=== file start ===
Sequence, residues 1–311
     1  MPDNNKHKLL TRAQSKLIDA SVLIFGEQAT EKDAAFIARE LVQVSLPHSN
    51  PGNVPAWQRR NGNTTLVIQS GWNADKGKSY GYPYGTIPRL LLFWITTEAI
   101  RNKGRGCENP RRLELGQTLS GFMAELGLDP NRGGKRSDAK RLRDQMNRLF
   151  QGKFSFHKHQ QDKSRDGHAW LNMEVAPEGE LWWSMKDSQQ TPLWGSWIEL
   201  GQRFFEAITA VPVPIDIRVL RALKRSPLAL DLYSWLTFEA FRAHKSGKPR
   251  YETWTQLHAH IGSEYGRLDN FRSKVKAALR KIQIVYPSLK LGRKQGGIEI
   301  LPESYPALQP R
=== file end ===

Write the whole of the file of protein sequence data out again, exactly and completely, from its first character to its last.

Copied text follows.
Sequence, residues 1–311
     1  MPDNNKHKLL TRAQSKLIDA SVLIFGEQAT EKDAAFIARE LVQVSLPHSN
    51  PGNVPAWQRR NGNTTLVIQS GWNADKGKSY GYPYGTIPRL LLFWITTEAI
   101  RNKGRGCENP RRLELGQTLS GFMAELGLDP NRGGKRSDAK RLRDQMNRLF
   151  QGKFSFHKHQ QDKSRDGHAW LNMEVAPEGE LWWSMKDSQQ TPLWGSWIEL
   201  GQRFFEAITA VPVPIDIRVL RALKRSPLAL DLYSWLTFEA FRAHKSGKPR
   251  YETWTQLHAH IGSEYGRLDN FRSKVKAALR KIQIVYPSLK LGRKQGGIEI
   301  LPESYPALQP R